Ancient translations demonstrate that the question of the sisters bothered several ancient scribes. Specifically, two opposite directions are taken relative to the Masoretic text. The Peshitta—the Syriac (an Aramaic dialect) translation of the Bible that became the official translation of the eastern, Syriac speaking Christians, and that probably goes back to the second century C.E. and is one of the earliest full versions of the Bible at our disposal—includes the word “sisters” in the spies’ response (Josh 2:18):
…וְאֶת אָבִיךְ וְאֶת-אִמֵּךְ וְאֶת אַחַיִךְ וְאֵת כָּל בֵּית אָבִיךְ תַּאַסְפִי אֵלַיִךְ הַבָּיְתָה.
…your father and mother, your brothers, and all your father’s household gather into your house.
ולאבוכי ולאמכי ולאחיכי ולאחותחי ולכלה בית אבוכי אעלי לותכי לגו ביתא.
Your father and your mother and your brothers and your sisters and all your father’s household bring up into your house.
Thus in the Peshitta, the proximate lists of family members Rahab requests to be saved and that repeated by the spies is identical. Nevertheless, even in the Peshitta, the sisters remain missing in the rescue story of ch. 6, where the word is absent.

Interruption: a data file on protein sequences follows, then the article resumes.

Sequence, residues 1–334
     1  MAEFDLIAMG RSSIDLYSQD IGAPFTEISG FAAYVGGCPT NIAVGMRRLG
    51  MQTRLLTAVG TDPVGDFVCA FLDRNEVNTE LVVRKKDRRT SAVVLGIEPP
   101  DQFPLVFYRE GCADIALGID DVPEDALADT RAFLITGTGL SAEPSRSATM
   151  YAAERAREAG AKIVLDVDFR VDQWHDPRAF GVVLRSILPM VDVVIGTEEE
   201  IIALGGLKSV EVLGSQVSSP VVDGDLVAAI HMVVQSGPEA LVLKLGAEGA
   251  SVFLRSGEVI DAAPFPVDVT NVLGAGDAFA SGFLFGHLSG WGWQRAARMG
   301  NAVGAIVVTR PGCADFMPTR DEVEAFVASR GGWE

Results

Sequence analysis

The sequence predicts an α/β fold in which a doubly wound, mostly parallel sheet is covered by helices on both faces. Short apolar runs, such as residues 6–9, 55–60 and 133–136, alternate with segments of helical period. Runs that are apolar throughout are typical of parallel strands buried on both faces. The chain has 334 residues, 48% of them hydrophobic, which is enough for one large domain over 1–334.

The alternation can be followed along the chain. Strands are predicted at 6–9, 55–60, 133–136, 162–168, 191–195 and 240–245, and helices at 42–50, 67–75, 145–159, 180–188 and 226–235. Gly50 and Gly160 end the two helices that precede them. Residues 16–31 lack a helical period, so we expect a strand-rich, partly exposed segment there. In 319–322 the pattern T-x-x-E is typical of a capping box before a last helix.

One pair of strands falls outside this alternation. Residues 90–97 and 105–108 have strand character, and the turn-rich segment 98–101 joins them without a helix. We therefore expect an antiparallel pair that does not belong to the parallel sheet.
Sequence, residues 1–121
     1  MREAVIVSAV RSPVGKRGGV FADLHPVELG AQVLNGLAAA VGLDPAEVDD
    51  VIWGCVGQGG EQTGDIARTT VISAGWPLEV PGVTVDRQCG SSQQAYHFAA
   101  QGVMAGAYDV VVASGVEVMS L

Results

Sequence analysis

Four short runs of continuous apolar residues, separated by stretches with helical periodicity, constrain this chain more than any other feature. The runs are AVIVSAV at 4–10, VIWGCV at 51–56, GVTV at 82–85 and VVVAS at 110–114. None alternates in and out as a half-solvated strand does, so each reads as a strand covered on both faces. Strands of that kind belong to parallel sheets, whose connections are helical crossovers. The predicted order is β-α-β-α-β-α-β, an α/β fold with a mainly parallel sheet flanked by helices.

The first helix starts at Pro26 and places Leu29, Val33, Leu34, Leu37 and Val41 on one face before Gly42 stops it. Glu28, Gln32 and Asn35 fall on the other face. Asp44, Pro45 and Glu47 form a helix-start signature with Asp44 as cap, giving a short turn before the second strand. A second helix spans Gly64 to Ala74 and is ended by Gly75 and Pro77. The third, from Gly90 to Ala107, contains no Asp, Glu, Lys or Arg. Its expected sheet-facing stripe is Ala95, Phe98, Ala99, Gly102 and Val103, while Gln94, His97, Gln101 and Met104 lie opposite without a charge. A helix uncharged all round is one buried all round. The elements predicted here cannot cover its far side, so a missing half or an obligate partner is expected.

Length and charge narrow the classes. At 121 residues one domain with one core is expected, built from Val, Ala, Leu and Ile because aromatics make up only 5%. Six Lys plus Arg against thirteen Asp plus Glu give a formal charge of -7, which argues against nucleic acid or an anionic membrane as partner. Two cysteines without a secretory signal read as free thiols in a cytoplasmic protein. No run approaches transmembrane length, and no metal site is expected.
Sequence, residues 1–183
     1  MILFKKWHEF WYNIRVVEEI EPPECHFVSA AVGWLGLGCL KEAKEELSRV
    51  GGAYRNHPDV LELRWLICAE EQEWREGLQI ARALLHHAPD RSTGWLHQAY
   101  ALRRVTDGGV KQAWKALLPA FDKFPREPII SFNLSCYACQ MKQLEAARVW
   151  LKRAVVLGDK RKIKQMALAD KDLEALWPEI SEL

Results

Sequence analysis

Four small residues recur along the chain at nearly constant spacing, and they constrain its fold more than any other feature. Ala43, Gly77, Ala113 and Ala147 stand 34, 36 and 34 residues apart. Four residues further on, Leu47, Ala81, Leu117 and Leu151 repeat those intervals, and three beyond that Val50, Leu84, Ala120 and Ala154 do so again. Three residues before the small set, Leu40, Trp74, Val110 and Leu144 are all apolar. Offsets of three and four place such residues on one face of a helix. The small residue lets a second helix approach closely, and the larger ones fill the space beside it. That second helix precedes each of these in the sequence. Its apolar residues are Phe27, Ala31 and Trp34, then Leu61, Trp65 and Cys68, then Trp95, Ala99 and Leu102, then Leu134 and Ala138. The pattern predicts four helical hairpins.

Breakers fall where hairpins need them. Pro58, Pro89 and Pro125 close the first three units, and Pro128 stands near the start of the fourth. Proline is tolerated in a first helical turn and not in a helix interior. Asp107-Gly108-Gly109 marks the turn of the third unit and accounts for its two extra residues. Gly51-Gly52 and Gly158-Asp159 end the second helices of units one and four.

The Greek translation of the Bible makes no reference to sisters at all, even in Rahab’s request (Josh 2:13):
…you will spare my father and mother, my brothers and my sisters, and all who belong to them, and deliver our lives from death.
and spare the house of my father and my mother and my brothers and all my house and all that belong to them and deliver my soul from death.
Instead of “my father,” the LXX reads “the house of my father,” anticipating the phrase in 2:18, and instead of “my sisters,” the LXX reads “all my house.” Thus, the sisters are not “missing” in the LXX’s version of the spies’ response or the rescue story, since they were never listed to begin with. Thus, the LXX, compared to the MT and the Peshitta, offers the most consistent version of the story.
Were Rahab’s Sisters Saved? – Two Reading Strategies
How are we to understand the differences between the MT, the Peshitta, and the LXX?